A defense court filing says Covington does not intend to use an insanity defense, which would be aimed at seeking a verdict of not guilty by reason of insanity. Rather, the defense hopes to persuade jurors to convict Covington of the lesser offense of second-degree murder, making him ineligible for the death penalty.

    Covington, the lawyers say, has been diagnosed with bipolar disorder; a therapist who examined him in 2005, when he was working as a state corrections officer, described "classic symptoms of rage and anger, and episodes of severe depression."

    On the morning of May 12, 2008, Covington was admitted to University Community Hospital for a drug overdose. Tests showed he had taken cocaine, acetaminophen and salicylate, another anti-inflammatory drug used for mild to moderate pain, the defense filing states. Doctors also found tricyclics, which is an antidepressant, and valproic acid, a drug used for seizures and migraines.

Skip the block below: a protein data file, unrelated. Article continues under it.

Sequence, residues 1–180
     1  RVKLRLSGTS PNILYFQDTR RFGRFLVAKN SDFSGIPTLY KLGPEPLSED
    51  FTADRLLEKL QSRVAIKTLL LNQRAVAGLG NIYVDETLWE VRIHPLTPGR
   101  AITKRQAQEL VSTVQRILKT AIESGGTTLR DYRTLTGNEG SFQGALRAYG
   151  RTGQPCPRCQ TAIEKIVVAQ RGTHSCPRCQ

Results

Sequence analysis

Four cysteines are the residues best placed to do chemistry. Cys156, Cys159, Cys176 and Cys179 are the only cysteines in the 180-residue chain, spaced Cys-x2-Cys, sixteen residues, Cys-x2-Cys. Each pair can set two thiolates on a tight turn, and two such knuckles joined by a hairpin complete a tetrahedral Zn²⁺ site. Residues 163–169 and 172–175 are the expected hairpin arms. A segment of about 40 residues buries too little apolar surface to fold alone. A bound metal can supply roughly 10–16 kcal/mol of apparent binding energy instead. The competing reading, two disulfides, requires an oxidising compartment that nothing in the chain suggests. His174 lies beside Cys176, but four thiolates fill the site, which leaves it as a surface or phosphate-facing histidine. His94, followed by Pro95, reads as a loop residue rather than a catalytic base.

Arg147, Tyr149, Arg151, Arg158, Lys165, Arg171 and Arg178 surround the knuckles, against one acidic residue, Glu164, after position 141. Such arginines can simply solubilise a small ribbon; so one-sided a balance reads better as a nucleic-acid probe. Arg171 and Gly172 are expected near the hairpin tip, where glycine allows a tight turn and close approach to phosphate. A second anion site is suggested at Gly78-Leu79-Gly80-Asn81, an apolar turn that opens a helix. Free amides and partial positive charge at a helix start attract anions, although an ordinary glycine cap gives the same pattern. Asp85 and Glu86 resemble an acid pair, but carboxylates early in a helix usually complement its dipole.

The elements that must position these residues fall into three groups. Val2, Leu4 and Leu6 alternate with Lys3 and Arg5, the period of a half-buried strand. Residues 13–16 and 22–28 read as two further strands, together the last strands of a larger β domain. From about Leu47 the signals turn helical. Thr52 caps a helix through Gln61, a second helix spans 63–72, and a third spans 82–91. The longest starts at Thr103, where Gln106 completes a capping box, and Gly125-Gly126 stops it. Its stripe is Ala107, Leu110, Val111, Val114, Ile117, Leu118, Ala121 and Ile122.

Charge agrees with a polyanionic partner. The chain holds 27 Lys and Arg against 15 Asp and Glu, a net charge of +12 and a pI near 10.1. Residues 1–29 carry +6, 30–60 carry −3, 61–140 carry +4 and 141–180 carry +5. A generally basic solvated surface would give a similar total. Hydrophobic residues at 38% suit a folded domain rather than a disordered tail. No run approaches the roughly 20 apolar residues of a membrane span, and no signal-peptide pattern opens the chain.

The defense says a psychiatrist who examined Covington for the case will testify that Covington's bipolar disorder, combined with the drugs in his system, rendered him mentally incapable of forming the intent to commit first-degree murder.

    The charges against Covington include three counts of first-degree murder, three counts of abuse of a dead human body and one count of felony animal cruelty. Prosecutors are seeking the death penalty.

    Covington, 37, is being held without bail.

    According to the defense filing, Covington tried to shoot himself in the head and was hospitalized under the state's Baker Act when he was 16. The next year, he overdosed on drugs.